In August 2012, talented Western Province gymnast Brandon Beack was doing his final preparations for the South African championships when a bad dismount resulted in him falling on his neck, leaving him paralysed from the shoulders down.
But, as testament to the character of Beack and his family, despite the rehabilitation team advising them that they needed to accept his future as a quadriplegic, Brandon set himself the goal of walking again. Through the support of the Walking with Brandon Trust Fund, he was able to buy specialised equipment to aid his recovery and get access to advanced and often quite alternative therapies to help him reach his goal.
“Gymnastics was a part of me since I can remember. The love of the sport stuck with me throughout my life and I wanted to qualify for the Olympic Games as a gymnast. That all changed with the accident. The year following my accident, I devoted my life to rehab and getting myself more independent,” says Beack.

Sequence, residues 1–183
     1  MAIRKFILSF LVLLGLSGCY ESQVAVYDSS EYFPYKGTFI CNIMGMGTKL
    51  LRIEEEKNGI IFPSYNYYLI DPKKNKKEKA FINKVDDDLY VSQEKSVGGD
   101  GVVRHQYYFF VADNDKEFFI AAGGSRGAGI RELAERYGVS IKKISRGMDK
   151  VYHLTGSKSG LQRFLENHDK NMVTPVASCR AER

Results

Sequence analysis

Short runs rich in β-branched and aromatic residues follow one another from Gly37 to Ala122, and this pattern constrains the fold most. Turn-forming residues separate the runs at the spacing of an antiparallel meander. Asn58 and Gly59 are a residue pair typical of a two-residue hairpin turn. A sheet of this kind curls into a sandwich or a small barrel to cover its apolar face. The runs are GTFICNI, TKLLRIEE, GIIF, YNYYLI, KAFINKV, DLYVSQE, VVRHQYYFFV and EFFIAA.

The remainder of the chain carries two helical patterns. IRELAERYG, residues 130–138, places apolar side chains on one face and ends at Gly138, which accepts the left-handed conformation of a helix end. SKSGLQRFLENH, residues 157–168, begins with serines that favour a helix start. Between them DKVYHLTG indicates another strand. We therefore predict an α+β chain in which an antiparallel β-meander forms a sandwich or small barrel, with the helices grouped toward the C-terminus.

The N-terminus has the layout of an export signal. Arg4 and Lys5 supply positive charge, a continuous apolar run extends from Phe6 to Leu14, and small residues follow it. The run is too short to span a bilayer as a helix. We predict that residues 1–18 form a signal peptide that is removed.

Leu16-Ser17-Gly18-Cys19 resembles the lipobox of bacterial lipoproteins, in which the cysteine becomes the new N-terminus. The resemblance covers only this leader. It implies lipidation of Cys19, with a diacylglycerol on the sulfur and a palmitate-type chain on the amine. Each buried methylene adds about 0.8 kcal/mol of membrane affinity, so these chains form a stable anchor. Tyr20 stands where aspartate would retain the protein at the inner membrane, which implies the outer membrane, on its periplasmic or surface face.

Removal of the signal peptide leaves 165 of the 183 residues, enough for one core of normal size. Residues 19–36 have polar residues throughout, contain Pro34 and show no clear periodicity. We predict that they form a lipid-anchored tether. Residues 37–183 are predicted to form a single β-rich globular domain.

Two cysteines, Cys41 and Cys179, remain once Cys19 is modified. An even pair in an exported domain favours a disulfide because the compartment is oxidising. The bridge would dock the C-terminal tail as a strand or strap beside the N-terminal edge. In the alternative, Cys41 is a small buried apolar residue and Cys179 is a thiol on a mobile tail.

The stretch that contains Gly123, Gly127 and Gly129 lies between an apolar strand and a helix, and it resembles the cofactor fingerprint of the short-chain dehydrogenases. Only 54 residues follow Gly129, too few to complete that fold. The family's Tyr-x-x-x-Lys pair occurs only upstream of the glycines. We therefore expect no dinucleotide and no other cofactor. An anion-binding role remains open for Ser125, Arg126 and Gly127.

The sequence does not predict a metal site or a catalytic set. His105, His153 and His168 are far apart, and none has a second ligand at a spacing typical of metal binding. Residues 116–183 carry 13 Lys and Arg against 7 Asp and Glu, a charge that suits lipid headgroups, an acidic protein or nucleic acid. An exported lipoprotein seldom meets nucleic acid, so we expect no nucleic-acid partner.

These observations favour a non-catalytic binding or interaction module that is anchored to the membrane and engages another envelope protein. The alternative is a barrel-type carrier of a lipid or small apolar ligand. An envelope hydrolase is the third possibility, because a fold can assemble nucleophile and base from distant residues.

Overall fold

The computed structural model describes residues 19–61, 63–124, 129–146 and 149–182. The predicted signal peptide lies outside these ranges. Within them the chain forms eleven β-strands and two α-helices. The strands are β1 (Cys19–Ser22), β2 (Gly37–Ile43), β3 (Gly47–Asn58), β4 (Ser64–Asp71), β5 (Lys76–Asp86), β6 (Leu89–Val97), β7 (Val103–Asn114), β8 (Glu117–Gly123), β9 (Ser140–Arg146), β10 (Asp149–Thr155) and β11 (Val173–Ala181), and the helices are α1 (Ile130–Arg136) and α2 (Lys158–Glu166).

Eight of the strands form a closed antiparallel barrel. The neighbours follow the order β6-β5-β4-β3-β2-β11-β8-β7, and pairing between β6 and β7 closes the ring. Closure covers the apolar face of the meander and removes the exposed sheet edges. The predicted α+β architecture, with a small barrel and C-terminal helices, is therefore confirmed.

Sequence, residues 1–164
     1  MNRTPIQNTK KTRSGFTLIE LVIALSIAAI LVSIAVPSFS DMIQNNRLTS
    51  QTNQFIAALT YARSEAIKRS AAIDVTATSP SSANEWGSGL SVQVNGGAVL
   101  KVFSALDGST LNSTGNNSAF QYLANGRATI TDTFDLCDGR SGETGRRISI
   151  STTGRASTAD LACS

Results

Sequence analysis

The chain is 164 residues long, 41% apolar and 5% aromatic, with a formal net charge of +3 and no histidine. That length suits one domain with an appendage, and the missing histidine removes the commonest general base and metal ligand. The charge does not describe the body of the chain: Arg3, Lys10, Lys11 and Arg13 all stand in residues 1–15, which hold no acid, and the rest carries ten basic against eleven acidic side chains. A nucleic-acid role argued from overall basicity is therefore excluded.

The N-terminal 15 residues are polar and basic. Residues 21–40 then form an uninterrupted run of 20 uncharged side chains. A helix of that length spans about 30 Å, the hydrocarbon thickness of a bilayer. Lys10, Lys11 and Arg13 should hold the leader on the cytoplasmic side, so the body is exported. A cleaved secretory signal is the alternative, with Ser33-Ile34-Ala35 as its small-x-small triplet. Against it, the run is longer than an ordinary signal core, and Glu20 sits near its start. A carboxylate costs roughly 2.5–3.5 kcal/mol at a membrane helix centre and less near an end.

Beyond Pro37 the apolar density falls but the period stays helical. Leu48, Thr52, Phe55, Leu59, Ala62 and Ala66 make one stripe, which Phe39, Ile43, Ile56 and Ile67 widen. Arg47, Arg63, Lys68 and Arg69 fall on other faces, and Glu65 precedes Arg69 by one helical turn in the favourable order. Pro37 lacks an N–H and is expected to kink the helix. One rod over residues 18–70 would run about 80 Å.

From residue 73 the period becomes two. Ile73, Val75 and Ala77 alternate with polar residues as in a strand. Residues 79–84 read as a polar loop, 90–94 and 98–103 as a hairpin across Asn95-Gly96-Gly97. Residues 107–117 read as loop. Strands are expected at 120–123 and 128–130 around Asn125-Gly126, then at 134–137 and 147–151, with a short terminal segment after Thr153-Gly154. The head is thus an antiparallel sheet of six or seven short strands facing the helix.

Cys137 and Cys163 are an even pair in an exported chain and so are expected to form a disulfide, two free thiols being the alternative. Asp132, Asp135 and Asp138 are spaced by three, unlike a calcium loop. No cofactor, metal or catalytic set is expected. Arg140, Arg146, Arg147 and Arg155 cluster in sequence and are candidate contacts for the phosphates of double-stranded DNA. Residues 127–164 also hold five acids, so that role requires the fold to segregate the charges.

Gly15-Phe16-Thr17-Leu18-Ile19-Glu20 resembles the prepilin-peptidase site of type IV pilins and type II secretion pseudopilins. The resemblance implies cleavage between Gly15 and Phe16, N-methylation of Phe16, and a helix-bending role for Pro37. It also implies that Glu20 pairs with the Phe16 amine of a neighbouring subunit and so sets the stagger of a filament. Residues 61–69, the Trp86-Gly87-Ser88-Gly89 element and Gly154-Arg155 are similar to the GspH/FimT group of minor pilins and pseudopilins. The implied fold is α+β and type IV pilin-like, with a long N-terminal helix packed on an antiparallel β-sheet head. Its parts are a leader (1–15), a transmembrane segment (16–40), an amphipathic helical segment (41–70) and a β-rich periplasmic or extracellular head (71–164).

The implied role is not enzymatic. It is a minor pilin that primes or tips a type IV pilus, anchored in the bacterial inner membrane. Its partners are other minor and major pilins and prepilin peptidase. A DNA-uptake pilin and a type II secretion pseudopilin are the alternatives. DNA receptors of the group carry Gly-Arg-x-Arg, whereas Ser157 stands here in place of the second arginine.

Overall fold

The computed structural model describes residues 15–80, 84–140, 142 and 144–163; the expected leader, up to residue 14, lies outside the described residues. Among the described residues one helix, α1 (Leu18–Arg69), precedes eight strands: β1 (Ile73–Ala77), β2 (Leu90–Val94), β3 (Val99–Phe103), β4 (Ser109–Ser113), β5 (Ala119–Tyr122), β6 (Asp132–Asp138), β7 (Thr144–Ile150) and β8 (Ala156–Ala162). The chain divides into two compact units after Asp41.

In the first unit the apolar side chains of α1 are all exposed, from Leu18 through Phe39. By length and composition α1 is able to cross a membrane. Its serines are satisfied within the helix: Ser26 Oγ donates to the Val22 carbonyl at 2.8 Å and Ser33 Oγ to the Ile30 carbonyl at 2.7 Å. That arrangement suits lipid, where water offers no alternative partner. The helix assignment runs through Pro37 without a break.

He spent time at a recovery centre in the US towards the end of 2013, and discovered that a new fire had awoken in him. “I will never stop training to walk again just because I am in a wheelchair. I can still do sport and do things. I am still as abled as an enabled person.”
He is focusing on qualifying for the Paralympics in Rio later this year in the 100m wheelchair sprint, and perhaps shot put as well. Already, he has been to three national championships in South Africa and has broken the South African and African records for the 100m wheelchair sprint, and the South African record for shot put.
A key stepping stone for Olympic qualification is attending the U/23 IWAS World Games in Prague at the end of June. He has already begun raising funds to get there and gain the international experience required for qualification.
Given that he only started in the sports 18 months ago, his has been a truly inspiring journey. — Iwan Pienaar
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